A quiet village with several flint and red brick buildings, lying two miles east of Biggin Hill
Cudham’s church of St Peter and St Paul is of twelfth century origin, though much restored since. There is evidence that there has been a place of worship on this site since 900bc and two yew trees in the churchyard may be 17 centuries years old. Local landowners have often been of noble birth but none has ever chosen to live in the village.
In 1865 Richard Relph acquired the Blacksmith’s Arms, a property that dates from 1628. As the name suggests, it was originally a smithy. Relph’s wife bore him fifteen children, one of whom – born at the inn when the landlord was at a remarkably advanced age – went on to become the celebrated music hall star Little Tich. The pub features in the village’s millennial sign, shown in the photograph.
The houses and cottages of Cudham date mainly from the 19th century. Cudham Hall served until recently as a trade union-run engineering college but has since been converted to apartments. The Angas Home has been a vicarage and a sailors’ convalescent home. It’s now a private house and was valued at around £2,750,000 in 2012.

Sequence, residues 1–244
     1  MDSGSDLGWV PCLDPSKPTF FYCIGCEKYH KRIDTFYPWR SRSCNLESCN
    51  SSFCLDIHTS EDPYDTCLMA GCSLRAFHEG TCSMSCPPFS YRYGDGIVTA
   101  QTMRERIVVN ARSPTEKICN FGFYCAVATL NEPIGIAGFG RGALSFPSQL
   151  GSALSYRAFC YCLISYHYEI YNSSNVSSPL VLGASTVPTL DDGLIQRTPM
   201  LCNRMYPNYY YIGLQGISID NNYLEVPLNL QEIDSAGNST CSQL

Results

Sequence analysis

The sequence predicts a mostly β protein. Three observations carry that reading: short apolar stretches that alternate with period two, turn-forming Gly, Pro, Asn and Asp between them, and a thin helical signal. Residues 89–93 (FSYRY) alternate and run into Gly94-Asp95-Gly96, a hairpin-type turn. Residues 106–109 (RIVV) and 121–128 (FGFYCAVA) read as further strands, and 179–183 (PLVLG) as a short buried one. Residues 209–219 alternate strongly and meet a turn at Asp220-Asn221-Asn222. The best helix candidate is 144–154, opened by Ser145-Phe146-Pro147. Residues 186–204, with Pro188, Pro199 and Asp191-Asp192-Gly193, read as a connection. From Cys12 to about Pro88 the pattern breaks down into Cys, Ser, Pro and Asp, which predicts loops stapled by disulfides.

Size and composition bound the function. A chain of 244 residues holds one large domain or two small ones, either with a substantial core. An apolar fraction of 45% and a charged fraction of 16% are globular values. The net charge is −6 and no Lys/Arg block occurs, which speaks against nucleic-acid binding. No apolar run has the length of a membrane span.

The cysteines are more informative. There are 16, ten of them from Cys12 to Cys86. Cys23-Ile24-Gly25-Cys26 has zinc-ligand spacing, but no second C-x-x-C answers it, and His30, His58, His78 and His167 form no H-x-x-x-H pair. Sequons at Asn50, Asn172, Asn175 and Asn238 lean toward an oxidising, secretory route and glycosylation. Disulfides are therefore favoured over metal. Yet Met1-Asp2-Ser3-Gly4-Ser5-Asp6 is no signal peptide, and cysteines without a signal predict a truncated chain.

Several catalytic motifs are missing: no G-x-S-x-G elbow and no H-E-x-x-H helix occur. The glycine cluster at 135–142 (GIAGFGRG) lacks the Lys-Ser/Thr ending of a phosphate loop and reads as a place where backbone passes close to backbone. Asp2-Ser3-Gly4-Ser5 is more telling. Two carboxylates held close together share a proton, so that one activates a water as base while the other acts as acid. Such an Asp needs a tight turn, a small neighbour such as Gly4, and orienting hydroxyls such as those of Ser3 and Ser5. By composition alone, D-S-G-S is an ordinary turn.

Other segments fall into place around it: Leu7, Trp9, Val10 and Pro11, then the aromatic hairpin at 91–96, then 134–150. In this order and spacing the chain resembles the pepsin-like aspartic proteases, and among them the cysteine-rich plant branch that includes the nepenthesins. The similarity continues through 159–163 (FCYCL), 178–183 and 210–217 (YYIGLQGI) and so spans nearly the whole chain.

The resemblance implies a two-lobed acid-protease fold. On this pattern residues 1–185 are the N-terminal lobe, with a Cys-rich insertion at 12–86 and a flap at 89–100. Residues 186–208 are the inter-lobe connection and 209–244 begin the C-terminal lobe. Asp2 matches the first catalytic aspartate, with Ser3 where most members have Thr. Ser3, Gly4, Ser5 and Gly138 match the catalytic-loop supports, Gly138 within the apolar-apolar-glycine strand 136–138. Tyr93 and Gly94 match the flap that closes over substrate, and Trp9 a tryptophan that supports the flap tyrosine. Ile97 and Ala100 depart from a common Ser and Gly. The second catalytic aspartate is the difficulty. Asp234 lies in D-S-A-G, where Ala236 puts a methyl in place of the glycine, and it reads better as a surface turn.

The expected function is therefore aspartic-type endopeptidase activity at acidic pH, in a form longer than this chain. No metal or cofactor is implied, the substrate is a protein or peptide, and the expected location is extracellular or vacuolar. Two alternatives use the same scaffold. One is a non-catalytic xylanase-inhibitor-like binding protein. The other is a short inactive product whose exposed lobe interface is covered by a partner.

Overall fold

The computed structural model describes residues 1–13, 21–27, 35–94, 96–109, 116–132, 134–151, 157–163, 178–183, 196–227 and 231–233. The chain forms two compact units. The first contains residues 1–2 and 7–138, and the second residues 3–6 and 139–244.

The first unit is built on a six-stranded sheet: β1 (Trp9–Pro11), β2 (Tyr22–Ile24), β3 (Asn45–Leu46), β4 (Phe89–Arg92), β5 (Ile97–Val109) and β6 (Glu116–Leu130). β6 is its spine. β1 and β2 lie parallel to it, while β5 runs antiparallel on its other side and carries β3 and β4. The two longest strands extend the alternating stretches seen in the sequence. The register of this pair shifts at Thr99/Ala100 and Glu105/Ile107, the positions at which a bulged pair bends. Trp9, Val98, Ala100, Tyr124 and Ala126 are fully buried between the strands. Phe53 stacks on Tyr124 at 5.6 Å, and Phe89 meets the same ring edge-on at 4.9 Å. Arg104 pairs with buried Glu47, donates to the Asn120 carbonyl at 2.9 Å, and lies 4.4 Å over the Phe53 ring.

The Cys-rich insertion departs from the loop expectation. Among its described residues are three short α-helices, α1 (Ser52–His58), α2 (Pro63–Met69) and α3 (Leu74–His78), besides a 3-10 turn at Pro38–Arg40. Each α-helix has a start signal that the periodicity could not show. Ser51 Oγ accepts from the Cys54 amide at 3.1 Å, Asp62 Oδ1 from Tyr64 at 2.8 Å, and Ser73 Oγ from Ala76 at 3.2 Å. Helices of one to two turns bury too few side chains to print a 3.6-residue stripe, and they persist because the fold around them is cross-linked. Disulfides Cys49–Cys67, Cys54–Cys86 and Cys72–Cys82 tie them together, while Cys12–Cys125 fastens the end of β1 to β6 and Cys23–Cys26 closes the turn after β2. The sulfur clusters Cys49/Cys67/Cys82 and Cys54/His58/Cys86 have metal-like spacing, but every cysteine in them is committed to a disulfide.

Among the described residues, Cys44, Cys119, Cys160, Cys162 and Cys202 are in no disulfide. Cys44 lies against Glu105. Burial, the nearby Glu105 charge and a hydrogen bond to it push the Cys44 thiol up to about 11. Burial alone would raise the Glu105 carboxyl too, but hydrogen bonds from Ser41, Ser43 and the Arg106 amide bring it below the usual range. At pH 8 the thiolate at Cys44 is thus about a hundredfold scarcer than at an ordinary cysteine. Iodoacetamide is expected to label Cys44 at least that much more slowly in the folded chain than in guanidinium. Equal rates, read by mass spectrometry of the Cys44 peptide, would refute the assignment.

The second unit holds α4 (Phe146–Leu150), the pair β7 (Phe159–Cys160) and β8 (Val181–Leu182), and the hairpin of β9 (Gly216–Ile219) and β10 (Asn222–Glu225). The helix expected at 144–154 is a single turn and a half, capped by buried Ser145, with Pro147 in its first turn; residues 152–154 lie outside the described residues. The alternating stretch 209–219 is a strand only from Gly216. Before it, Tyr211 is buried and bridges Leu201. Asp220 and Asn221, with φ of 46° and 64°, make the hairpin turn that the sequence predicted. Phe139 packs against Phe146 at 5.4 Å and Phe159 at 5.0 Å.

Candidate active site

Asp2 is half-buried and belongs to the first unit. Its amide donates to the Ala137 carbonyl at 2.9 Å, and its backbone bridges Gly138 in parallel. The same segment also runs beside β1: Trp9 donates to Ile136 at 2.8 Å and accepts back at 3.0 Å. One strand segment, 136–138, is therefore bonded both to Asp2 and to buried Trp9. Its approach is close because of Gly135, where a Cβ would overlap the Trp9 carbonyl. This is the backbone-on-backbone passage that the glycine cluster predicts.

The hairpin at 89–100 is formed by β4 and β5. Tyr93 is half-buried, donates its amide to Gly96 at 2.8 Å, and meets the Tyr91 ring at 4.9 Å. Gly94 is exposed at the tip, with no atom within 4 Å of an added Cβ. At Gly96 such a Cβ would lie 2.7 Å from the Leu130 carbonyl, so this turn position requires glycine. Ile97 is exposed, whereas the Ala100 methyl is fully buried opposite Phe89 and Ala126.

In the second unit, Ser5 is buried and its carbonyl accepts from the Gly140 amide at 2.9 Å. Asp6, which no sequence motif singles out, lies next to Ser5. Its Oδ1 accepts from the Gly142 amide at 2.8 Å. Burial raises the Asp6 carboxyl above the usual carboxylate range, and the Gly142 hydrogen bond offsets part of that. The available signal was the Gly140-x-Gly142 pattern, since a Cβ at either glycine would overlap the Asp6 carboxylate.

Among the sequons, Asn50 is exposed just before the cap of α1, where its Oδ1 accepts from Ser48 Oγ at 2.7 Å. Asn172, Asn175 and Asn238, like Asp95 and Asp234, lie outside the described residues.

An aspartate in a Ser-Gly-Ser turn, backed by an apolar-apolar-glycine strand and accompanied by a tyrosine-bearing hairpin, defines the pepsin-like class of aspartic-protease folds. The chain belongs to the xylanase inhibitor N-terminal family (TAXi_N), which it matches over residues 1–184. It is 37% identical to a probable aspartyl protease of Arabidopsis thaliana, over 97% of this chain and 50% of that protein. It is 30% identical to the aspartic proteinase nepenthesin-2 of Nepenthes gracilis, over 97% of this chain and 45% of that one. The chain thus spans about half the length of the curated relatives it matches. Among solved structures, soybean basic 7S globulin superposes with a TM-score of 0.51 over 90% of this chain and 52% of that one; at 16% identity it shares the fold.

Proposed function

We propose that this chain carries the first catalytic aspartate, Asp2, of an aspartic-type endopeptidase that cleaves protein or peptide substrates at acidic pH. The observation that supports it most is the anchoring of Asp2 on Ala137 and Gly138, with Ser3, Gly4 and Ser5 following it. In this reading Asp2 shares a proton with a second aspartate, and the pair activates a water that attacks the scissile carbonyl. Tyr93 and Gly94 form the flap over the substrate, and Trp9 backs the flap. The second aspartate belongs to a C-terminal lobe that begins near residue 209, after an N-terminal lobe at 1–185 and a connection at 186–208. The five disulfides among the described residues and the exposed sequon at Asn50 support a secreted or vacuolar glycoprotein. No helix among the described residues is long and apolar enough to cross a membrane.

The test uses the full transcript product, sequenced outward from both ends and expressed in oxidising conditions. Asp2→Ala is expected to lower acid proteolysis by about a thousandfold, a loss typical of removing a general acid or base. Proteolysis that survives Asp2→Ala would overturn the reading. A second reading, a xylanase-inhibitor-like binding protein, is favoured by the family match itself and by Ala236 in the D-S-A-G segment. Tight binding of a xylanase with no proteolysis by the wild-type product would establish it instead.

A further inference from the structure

The surrounding farms were once known for growing dyer’s weed (Reseda luteola), which produces a yellow pigment. Its cultivation ceased when synthetic competitors rendered it uneconomic.
Run by the Woodcraft Folk, Cudham environmental activities centre is set within a three-acre woodland site on New Barn Lane. It has a residential field studies unit, a camping area and a mini-farm.
Postcode area: Sevenoaks, TN14